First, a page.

Page 6 - Provocation
P. 6

simply follow the medical guidelines. Breathe now, medicate now, rest now. No strenuous sport
today: here’s a note from my doctor.

Oh dear, another one?

Banished to pace around the oval each sweltering day, alone.

As the days and years passed, that level of control had stiffened the flow of her thoughts, made
her mind rigid somehow. Dependent on the routine. So when her teenage years hit and the panic
attacks started, she’d used the only power she had at hand—her singular focus, her capacity for
the steadfast application of a unique set of rules—to find a way out of the wilds of her misery.
She shed her Hitchcock silhouette. She stopped her period, cold. Yet so gradual was her
transformation, so subtle and cunning were her middle-child ways, that it was nearly three years
before anyone noticed. Noticed that the dark receding tide of her fate was killing her.

That was then. Now she lived a normal life, a happy life. She was a miracle.


When she felt stressed, when she got frightened, she could feel the deep water lap at the edges
of her mind.

Three slow breaths, stay in the moment, no need to control it. She fingered the smooth plastic
button nestled under her shirt, the medical alert button her mother made her wear, the price she
paid for her freedom to live away from home. It was hard to feel grown up when, at twenty-one,
she was slight enough to shop in the girls’ section.

She just needed a safe place to sit, and be away from the world. Just for a little while. So she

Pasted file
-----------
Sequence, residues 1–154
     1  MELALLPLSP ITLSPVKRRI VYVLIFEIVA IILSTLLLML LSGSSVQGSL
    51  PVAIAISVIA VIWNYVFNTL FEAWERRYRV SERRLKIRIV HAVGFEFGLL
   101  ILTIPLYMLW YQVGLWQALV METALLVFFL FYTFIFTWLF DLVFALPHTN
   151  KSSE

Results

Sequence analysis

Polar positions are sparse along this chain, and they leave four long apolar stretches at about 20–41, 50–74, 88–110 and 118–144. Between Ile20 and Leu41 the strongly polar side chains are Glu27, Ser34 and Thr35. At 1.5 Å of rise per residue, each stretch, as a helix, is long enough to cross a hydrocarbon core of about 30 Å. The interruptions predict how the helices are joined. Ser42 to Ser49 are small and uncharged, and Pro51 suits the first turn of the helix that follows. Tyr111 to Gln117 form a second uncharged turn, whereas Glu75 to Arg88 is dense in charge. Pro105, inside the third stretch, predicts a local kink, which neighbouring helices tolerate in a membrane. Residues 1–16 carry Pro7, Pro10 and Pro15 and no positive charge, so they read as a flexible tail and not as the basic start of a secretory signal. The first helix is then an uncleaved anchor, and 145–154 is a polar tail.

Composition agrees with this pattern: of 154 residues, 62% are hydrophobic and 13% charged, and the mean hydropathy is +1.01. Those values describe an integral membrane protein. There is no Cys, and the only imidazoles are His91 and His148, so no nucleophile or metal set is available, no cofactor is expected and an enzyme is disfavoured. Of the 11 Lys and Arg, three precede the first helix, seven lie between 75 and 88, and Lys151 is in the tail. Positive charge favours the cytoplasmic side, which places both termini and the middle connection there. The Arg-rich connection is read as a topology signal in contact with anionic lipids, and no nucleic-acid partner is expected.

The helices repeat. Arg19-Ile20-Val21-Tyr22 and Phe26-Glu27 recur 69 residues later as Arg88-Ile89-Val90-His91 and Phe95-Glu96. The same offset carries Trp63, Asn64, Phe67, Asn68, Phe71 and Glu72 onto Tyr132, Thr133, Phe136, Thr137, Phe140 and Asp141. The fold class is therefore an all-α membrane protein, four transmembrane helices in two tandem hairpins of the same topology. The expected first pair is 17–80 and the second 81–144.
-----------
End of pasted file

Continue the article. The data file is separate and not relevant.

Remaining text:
picked up a discarded, flattened cardboard box and quietly stepped behind the wheelie bins,
hugging the wall. She slunk into the bay, big enough to park six cars, a tiny cove compared to the
cavernous dock. A few more steps and she was out of Lance’s view. Ten silent steps, then ten
more, and she was in the corner of the chamber, and not even security cameras could see her

Bit by bit, visit by visit, with innocent questions and shrewd eyes, Maddi had pieced together a
complete mental map of the security vision for the entire dock. There were half a dozen blind
spots. She liked this one the best, not for where it was—a bare corner in an often-busy bay—but
for where it led.

She ducked through the gap at the bottom of the roller door forming the rear wall of the bay.
Probably the maintenance staff were meant to close this tight, after they hauled the storage
pallets from the gallery dock to this darkened chamber, but the rightside runner was claggy with
putrid rust at about knee height. They usually gave up wrestling the door closed at that point.

She gently frisbeed the cardboard onto the floor beneath the door then lay on it, sliding under
and up, fluid as a charmed snake. Rubbed her palms against her clothes, from clavicles down to
knees. Her shoulder blades slid down her back, just a fraction. She loved this dual-access space, a
   1   2   3   4   5   6   7   8   9   10   11